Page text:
Bruce Springsteen and the Wave Model of Development

Braae, Nick (2016) Bruce Springsteen and the Wave Model of Development. The 11th Art of Record Production Conference, Aalborg, Denmark, 2-4 December 2016. (Unpublished)


Abstract or Summary

The idea of artistic progress is under-theorised in an academic context, despite being central to general critical discourse on popular music (e.g. Riley 1988, Macan 1997). This paper forms part of a wider study of Bruce Springsteen’s career output in terms of musical development; this quality is often ascribed to Springsteen’s work, but with little consideration as to the nature of his evolution (Masur 2012). Rather than examine compositional and stylistic attributes, I focus on the studio elements of Springsteen’s songs and his use of technology. I suggest that one cannot observe a linear model of progress, so much as increments of change within identifiable frameworks. Springsteen’s career can be divided into segments of two to four albums, each of which presents a distinct textural layout—thus, between from Born to Run (1975) to The River (1980), there is the ‘classic’ E Street Band sound, defined primarily by the high register piano lines of Roy Bittan and the glockenspiel of Danny Federici; between Born in the USA (1984) and Human Touch (1992), ringing guitars or padded synthesizers dominate Springsteen’s sound-world. Through to the present day, I argue that Springsteen’s career can be understood in terms of a ‘wave’ model (Moore 2001), whereby an initial crest is succeeded by a short period of continuity, before the cycle restarts. Furthermore, just as waves are never discrete entities, there remain fluid connections across Springsteen’s career, namely, the persisting elements of the E Street Band sound in the 2000s. Finally, one can identify a number of albums (Nebraska, The Ghost of Tom Joad, Devils and Dust) that appear between successive waves; these albums are notable for their ‘stripped back’ textures and lo-fi production values. Somewhat paradoxically, then, it is these moments of apparent technological regression that prompt the next wave of evolution. The powerpoint slides for this presentation are attached.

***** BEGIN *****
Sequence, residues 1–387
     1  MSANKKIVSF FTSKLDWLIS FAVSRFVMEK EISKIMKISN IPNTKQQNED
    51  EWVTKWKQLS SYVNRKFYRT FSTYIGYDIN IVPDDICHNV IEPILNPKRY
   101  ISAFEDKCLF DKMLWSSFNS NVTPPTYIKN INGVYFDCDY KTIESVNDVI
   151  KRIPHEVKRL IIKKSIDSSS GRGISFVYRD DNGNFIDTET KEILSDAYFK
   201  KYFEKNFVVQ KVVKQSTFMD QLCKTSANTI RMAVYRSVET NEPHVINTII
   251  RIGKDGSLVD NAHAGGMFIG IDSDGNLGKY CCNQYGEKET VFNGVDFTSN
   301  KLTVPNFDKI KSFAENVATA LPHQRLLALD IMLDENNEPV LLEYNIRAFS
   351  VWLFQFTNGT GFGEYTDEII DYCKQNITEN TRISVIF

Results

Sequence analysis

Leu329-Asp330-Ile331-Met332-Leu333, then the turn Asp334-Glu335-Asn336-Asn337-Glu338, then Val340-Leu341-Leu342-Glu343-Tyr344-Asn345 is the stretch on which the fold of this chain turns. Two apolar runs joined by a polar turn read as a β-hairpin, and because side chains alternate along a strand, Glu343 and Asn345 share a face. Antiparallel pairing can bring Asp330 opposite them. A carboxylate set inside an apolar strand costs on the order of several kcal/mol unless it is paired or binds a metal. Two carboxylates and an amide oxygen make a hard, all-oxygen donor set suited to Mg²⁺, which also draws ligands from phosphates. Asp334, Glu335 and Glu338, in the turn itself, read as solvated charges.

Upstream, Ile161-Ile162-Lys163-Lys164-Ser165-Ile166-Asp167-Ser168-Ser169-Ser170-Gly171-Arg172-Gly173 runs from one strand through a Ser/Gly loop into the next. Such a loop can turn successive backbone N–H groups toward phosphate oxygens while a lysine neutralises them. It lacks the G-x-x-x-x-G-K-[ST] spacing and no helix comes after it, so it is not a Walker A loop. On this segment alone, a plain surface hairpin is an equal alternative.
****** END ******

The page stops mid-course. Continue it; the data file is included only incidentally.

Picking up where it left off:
Item Type:Paper presented at a conference, workshop, or other event which was not published in the proceedings
Keywords that describe the item:Analysis, Style, Production, Historiography
Subjects:M Music and Books on Music > M Music
Divisions:Schools > School of Media Arts
ID Code:4677
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Deposited On:27 Nov 2016 22:43
Last Modified:27 Nov 2016 22:43

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